What Chinese emperors did to legitimize their rule
Public performance of Confucian rituals
How states treated ethnic and religious groups
– treated them in way to use economic contributions, while not giving power
Ottoman treatment of non-Muslims
They did not require conquered peoples to convert to Islam but extended to them the status of dhimmi (“protected people”). In return for their loyalty and payment of a special tax known as jizya, dhimmi communities retained their personal freedom, kept their property, practiced their religion, and handled their legal affairs. In the ——- empire, for example, autonomous religious communities known as millet retained their civil laws, traditions, and languages. Millet communities usually also assumed social and administrative functions in matters concerning birth, marriage, death, health, and education.
Manchu policies toward the Chinese
They not only outlawed intermarriage between Manchus and Chinese but also forbade Chinese from traveling to Manchuria and from learning the Manchurian language. Qing authorities also forced Chinese men to shave the front of their heads and grow a Manchu-style queue as a sign of submission to the dynasty.
These are examples of how rulers used bureaucratic elites and military officials to maintain centralized control
Ottoman devshirme
Chinese examination system
Salaried Samurai
Chinese examination system
a political feature of Chinese empires. Scholar-bureaucrats took state-sponsored exams in order to become government scribes
reading link: http://www.mybigcampus.com/library/items/chineseexaminationsystem-pdf—5059570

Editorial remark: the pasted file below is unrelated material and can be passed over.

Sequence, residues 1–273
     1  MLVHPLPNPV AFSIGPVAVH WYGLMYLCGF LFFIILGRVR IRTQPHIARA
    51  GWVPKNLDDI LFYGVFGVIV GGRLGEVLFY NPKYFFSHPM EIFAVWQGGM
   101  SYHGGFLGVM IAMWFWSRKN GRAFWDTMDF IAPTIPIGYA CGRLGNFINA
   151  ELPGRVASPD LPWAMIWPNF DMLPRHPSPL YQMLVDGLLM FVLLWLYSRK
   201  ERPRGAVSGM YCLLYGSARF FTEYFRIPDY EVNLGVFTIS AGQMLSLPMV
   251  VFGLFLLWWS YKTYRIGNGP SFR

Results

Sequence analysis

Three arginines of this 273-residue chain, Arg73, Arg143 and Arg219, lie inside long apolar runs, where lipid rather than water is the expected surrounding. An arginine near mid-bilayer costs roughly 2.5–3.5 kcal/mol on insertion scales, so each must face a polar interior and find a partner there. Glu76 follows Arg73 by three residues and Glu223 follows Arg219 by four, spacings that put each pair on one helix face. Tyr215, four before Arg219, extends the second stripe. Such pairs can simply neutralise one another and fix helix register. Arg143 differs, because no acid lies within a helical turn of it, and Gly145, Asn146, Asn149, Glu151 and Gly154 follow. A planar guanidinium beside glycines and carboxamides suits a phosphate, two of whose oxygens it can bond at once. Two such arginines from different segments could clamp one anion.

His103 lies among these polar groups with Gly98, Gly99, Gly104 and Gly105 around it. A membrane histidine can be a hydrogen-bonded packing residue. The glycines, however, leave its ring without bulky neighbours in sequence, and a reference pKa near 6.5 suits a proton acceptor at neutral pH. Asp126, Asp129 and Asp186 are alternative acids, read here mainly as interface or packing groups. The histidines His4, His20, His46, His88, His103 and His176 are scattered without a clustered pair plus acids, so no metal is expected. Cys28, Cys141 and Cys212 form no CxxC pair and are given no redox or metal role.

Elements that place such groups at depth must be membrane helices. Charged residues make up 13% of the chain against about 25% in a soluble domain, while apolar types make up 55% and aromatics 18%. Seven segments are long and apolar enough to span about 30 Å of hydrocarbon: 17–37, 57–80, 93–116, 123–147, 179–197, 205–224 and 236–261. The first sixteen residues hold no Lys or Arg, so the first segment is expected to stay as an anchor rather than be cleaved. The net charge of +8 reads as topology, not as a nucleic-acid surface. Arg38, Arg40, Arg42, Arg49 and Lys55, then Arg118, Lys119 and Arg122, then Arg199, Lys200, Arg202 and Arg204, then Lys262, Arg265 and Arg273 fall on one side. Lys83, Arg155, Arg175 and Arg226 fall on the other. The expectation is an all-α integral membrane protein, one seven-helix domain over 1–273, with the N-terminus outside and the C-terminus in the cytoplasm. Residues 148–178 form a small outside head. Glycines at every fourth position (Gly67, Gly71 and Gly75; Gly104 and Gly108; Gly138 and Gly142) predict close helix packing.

challenges to state consolidation and expansion
– competition over trade routes
– state rivalries
– local resistance
examples of competition over trade routes
– Omani-European rivalry in the Indian Ocean Basin
– Piracy in the Caribbean
reading link: http://www.mybigcampus.com/library/items/piracy-pdf—5059582
examples of state rivalries
-Thirty Years War
– Ottoman-Safavid Conflict
reading link: http://www.mybigcampus.com/library/items/staterivalries-pdf—5059590
examples of local resistance
– food riots
– Samurai revolts
– Peasant uprisings
Ottoman Empire
Islamic state founded by Osman in northwestern Anatolia ca. 1300. After the fall of the Byzantine Empire, the Ottoman Empire was based at Istanbul (formerly Constantinople) from 1453 to 1922. It encompassed lands in the Middle East, North Africa, the Caucasus, and eastern Europe.
Mughal Empire
Muslim state founded by Babur (a descendant of Timur), which extended over India. Experienced prosperity, peace, and little outside threats under Akbar’s rule. For a while was an example of religious harmony between Muslim and Hindu religions.
Qing Empire
Empire established in China by Manchus who overthrew the Ming Empire in 1644. At various times they also controlled Manchuria, Mongolia, Turkestan, and Tibet. The last emperor of this dynasty was overthrown in 1911 by nationalists.
Russian Empire
The beginnings of the empire was due to Muscovite princes after the defeat of the Mongols in the late 1400s. In doing so, the princes absolved the authority of local princes. Ivan III used the Cossacks, the Russian version of the American western settlers, to expand and take over additional land. Meanwhile, Ivan solidified a centralized rule and claimed divine ordination. He proclaimed Moscow to be the new capital of the new empire.